APpedia is published online as a free-of-charge eBook and a website. The content of the APpedia includes, but is not limited to: Science, religion, events, animal behavior, philosophy, important figures, animal protection, advocacy, animal welfare, animal rights, animal protection organizations, reviews of books.

The beta version of APpedia website was launched in 2007, as a wiki website, visitors are allowed to modify the articles on the website without registration. Overall the project has a pro animal rights position. A derivative of the project, a book with the same title, was published 2009 in Australia.

The sponsors of the free knowledge project include World Society for the Protection of Animals and Culture & Animals Foundation.[9][10]


POVchina is an information portal for vegetarianisms. It is known for using interactive computer games in public education.[11]

Notable contributions

  • CAPN works closely with domestic, international, and overseas organizations working in China, providing advice and support for their work.
  • CAPN runs a campaign against cat-and-dog-eating (the practice of eating cat meat or dog meat). They are the first group to use the slogan 'Stop eating cats and dogs' in their campaign. They also coordinated many groups in more than ten cities in China to join this campaign. This slogan has been adopted by animal rights groups around the country. They launched the online-signing event against consumption of cat and dog meat in 2007, which received over 40,000 signatures. Their campaign has led to a large amount of publicity and discussion of this issue among the public.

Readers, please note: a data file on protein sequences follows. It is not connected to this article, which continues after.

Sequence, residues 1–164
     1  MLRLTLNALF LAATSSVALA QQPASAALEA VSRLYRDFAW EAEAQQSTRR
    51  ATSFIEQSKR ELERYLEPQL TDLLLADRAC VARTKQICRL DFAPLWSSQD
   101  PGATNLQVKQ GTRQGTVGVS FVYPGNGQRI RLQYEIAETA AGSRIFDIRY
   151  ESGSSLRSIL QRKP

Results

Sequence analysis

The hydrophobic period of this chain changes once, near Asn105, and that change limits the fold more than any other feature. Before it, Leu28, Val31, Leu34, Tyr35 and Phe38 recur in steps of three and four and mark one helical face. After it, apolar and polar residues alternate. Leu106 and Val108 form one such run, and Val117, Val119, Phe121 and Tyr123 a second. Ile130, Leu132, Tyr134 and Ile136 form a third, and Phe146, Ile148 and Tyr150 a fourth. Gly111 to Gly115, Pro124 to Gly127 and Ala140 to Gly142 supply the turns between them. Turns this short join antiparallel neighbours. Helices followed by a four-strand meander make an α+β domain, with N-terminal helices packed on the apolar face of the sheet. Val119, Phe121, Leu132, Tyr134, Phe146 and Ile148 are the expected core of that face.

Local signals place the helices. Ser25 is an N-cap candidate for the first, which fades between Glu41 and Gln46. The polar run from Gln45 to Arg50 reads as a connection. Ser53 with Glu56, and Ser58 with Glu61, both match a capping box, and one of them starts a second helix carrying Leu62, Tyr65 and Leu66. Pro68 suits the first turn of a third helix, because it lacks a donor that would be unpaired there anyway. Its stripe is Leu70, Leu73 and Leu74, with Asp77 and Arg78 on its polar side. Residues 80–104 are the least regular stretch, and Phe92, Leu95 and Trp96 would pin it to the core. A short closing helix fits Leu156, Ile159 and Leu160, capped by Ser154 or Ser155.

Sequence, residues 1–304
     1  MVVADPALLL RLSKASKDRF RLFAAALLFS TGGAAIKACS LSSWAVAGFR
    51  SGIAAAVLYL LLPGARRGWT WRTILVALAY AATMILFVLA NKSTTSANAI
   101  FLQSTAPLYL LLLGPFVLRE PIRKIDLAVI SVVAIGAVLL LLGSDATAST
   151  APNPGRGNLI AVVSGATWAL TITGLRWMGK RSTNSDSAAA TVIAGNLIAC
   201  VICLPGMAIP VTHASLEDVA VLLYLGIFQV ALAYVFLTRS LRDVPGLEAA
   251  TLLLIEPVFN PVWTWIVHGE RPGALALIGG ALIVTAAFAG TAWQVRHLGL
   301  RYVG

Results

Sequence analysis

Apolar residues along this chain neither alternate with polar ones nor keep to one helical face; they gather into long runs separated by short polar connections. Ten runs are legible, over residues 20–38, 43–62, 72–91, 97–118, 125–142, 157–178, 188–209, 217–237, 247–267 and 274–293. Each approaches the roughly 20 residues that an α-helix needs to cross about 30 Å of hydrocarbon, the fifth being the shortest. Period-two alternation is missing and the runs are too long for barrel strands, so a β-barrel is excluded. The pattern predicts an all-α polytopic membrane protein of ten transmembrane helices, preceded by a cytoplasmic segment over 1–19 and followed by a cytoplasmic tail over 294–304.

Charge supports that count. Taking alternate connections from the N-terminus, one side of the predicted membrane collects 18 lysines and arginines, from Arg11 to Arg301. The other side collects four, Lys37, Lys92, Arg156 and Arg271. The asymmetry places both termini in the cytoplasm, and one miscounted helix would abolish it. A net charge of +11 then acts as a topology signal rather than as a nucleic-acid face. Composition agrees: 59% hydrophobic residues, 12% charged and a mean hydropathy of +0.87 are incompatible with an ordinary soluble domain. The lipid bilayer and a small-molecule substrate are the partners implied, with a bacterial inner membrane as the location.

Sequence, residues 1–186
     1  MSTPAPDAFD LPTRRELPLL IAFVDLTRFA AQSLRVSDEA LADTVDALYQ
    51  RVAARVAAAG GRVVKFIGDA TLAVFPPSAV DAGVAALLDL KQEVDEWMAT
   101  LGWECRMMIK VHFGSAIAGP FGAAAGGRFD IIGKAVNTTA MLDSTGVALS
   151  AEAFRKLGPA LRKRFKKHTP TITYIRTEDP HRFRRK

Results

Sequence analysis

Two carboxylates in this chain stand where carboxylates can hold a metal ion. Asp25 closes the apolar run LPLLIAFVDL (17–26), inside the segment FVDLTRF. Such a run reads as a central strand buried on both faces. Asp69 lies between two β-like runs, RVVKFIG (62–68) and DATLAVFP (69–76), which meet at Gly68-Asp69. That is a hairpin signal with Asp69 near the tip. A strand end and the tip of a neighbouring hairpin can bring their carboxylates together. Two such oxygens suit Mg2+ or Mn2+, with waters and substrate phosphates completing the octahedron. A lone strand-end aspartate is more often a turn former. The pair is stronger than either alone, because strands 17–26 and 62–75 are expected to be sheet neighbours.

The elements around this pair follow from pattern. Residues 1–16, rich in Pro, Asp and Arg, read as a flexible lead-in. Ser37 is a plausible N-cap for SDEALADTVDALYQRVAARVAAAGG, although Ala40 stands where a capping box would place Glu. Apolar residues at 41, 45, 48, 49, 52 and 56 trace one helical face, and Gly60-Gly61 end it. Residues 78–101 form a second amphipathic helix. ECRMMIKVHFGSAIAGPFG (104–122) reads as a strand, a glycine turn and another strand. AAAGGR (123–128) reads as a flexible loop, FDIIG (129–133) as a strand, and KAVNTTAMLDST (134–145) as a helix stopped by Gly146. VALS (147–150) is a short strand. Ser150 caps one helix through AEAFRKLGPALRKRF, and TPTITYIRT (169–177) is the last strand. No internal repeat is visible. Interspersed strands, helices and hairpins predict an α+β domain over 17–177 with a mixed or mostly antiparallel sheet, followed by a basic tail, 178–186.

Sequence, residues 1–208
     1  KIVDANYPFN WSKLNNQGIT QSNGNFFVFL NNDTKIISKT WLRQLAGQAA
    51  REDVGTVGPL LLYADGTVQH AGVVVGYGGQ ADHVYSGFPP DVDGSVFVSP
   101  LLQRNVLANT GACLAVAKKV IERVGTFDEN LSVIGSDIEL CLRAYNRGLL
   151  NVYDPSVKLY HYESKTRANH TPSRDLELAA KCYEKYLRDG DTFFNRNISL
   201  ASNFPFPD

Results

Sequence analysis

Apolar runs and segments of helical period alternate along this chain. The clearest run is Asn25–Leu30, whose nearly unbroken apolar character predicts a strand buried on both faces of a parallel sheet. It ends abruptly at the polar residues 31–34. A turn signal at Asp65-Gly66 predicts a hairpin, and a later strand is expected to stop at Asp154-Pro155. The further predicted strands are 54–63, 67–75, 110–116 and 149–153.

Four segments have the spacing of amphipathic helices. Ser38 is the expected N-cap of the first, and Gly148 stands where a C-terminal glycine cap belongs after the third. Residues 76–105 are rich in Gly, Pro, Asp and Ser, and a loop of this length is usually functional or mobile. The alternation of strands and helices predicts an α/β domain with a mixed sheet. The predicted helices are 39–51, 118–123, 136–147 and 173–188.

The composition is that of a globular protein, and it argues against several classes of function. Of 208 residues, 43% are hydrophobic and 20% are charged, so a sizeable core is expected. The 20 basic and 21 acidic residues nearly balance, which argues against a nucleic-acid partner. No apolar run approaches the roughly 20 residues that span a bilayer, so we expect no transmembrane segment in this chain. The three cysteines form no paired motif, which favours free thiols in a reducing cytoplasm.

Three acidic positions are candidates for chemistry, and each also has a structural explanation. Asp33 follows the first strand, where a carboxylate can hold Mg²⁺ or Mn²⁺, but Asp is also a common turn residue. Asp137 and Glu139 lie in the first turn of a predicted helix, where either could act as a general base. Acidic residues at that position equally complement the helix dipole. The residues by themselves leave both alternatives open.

• CAPN runs a campaign against animal hoarding. They led a large-scale online debate on the topic in 2006, and later published two research documents regarding animal hoarding, the first of their kind to be published in Chinese. They are the major contributors to a change in the pro-hoarding climate of China.
  • CAPN provides a network for animal protection groups. They are the first organization devoted to the unity of Chinese animal protection communities.[12]
  • In April 2008, CAPN introduced World Lab Animal Day to China for the first time.[13]


CAPN projects have won several awards:

  • January 2008: CCAPN won 'great contribution to animal protection in 2007' award in 'Animals in China' Shanghai conference.
  • March 2008: ARC won funding for its online encyclopedia from Cultural and Animal Foundation, which is established and chaired by animal rights philosopher Tom Regan.

See also